We’ve all encountered clients with tight purse strings. Here are a few creative ways to stretch a budget

By Beckie Jankiewicz

Every event planner has a little magician in their blood. Ask anyone who’s been in the industry for more than a few years and they will happily tell you how, with impressive creativity and mad improv skills, they’ve managed to pull off splashy events on not-so-splashy budgets.

This is incredibly common, and in my opinion, one of the most dynamic parts of the job. I love going into a kickoff meeting with a client, hearing their vision for an event, and getting super excited about all the ways to pull it off. 

When the budget conversation comes up, I will often take a deep breath, listen to their bottom-line number, and then think… Oooh, yes, let’s do this. 

I encourage all planners to think this way—that they can make it happen, no matter what. Budget numbers can be daunting, especially when a client’s expectations don’t match their checkbook. But I’m here to tell you that a modest budget doesn’t need to spell disaster. Quite the contrary.

Here are a few ways to turn a low-cost event into one that keeps people buzzing at brunch the next morning.

1. Focus on decor—and the experience

Shortly after Elizabeth, Anne, and I founded The Event Studio, we were invited by a new client to host an event at the Hofburg Palace in Vienna. Talk about a tall order. “The Hofburg,” as they call it, is arguably Austria’s most legendary event space, and has been, since it housed the royal family from the 13th century through the early 20th century. With very little notice and very little money, we were tasked with creating an evening event with a modern, pop-art vibe.

How did we pull it off?

We focused on visuals. Instead of expensive wall hangings and other decor, we used custom designed digital wallpaper (courtesy of our DMC, more on that below). Lighting is huge when setting the tone for an event, so we focused on lighting various rooms in a way that gave off a pop-art feel.

Our goal was to make the event surprising to guests, so we hired musicians to play the harp and violin at the entrance, and then wowed them with a modern change in scenery as they strolled through the palace. People loved it. So much so that we were told it looked like we had a million-dollar budget. Only we—and our collaborator, Maryam Yeganehfar of Yamyam Event Production, who we still work with to this day—knew it cost a fraction of that.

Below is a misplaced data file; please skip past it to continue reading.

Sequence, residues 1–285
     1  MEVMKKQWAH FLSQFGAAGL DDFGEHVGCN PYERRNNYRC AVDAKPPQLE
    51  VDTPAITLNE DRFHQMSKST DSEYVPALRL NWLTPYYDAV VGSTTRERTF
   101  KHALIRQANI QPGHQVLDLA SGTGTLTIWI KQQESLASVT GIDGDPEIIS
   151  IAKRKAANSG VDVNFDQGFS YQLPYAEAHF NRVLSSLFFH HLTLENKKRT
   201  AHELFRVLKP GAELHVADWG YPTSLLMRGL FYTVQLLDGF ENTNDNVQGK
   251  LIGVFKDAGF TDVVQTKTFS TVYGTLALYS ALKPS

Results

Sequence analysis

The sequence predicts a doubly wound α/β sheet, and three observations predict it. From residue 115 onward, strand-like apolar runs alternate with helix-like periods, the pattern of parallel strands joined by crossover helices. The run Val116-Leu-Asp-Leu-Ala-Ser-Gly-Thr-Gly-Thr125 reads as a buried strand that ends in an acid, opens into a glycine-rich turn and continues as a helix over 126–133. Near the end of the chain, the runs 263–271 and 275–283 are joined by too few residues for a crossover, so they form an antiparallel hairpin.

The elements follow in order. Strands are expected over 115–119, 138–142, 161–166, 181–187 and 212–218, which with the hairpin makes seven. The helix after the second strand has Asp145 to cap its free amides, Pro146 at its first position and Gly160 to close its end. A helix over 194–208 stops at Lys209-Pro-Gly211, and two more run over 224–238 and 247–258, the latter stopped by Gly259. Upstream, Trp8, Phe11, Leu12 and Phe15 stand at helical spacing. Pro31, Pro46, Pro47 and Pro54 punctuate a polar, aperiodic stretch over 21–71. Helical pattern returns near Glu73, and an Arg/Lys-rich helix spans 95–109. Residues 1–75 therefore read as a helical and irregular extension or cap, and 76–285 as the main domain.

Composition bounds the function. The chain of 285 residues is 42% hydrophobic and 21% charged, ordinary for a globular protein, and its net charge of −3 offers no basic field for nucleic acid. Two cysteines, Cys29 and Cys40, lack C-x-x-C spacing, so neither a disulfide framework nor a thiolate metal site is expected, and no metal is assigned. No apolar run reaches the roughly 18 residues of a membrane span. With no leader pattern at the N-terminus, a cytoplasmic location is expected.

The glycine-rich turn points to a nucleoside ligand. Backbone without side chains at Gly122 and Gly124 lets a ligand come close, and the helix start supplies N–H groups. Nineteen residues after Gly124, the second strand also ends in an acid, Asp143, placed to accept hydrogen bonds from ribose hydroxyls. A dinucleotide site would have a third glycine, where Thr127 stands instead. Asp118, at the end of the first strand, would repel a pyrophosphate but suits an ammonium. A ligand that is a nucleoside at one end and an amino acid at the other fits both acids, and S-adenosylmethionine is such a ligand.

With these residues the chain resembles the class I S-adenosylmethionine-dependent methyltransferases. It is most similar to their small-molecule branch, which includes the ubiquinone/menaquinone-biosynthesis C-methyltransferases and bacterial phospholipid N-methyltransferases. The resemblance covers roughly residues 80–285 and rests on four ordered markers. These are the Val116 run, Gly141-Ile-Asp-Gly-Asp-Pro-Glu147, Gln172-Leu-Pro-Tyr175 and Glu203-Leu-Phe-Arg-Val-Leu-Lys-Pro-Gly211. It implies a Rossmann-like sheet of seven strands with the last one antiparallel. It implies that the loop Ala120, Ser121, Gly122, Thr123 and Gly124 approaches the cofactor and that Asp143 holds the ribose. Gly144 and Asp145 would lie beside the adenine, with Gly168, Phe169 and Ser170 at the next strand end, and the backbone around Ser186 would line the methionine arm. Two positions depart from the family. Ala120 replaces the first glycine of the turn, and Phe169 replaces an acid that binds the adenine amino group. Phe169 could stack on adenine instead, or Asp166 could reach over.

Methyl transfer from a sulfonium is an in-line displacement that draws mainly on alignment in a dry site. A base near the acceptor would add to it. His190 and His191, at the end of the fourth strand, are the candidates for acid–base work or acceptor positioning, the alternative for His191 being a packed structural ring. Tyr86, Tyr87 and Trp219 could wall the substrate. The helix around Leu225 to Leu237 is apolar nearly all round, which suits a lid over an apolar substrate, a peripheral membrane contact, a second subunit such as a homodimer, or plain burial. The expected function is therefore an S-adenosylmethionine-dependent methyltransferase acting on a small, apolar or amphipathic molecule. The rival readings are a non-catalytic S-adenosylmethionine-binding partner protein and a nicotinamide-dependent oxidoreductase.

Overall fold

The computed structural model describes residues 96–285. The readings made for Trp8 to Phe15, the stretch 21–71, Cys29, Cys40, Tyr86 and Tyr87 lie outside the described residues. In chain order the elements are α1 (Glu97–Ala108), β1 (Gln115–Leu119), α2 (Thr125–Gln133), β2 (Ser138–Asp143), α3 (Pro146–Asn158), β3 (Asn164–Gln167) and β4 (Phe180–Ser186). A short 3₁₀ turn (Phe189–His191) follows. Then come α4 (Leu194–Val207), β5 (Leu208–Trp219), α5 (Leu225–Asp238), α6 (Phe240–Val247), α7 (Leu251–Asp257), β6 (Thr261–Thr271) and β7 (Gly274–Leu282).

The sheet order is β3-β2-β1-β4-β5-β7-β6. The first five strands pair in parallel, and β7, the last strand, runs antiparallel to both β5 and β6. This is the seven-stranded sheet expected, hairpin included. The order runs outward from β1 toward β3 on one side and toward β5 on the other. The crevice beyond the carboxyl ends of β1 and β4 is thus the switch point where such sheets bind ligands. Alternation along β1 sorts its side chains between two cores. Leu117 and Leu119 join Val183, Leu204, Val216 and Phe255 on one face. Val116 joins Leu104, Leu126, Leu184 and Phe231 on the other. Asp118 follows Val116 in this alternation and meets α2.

Reconfiguring a space is another way to get around a tight budget. On other occasions, we’ve set up our general-session stage in a corner, on an angle, and positioned the chairs accordingly. This small tweak creates a completely different experience for the audience—and literally costs nothing.

2. Create viral marketing

The branding and marketing of an event are both hugely important and often very pricey. Branding is rarely something to skimp on—it’s essential that attendees have a consistent experience from the first time they log on to an event’s website to the moment they encounter signage in the main hall.

But marketing is a whole different ball game.

Thanks to social media, not only can meeting planners post about events for free, but they can also enlist the help of attendees and speakers to spread the word. Consider asking speakers with large followings to post a specific number of times, pre-event, to help with ticket sales. Try creating contests for attendees that incorporate sharing the event on their social media channels. Post short videos about the planning process, or even interview your client for 30 seconds about how excited they are for the upcoming event.

Before long, you will have a following that cost you little more than time, and may help to garner genuine interest from people who would not have otherwise heard about your event.

3. Incentivize your speakers

Speakers are the main draw at most events, especially for those that charge an attendee fee. A big name has the potential to attract big audiences, but with that name also often comes—you guessed it—big speaking fees. Fear not. There are ways around this.Many speakers—even the boldface ones—will consider speaking for a reduced rate (or sometimes even for free) if they are promoting a new book.

Many speakers—even the boldface ones—will consider speaking for a reduced rate (or sometimes even for free) if they are promoting a new book. 

They may also be swayed to speak on the cheap if you can sell them on the audience. Exposure and networking opportunities can go a long way, and hobnobbing with like-minded attendees can be attractive, even to high-profile speakers.

Get acquainted with a popular speaker’s current schedule. If that person just so happens to be in the same city at the same time as your event, it may be an easier sell asking them to swing by for a 30-minute session.

4. Engage your audience

There are dozens of free software programs that can ease the lives of event planners and help stretch a budget. At a recent event, we enlisted an app and asked the speaker to poll the audience on a series of questions in real-time. The answers were then projected on the stage screen, and it resulted in increased audience engagement and helped enhance the speaker’s takeaways. This cost us nothing—but had a big impact on the overall experience.

The Event Studio (TES), founded in 2008, is led by its three co-founders Elizabeth Busch, Beckie Jankiewicz and Anne Frey-Mott who met while building Inc. and Fast Company’s storied event business. We firmly believe live experiences make lasting connections and move business forward, and have built our business over the past 10 years doing just that for clients ranging from enterprises like Genesys and HP, to publishers such as Fortune and Bloomberg Business, to household names like Airbnb and Lexus. We bring inspiration to the table.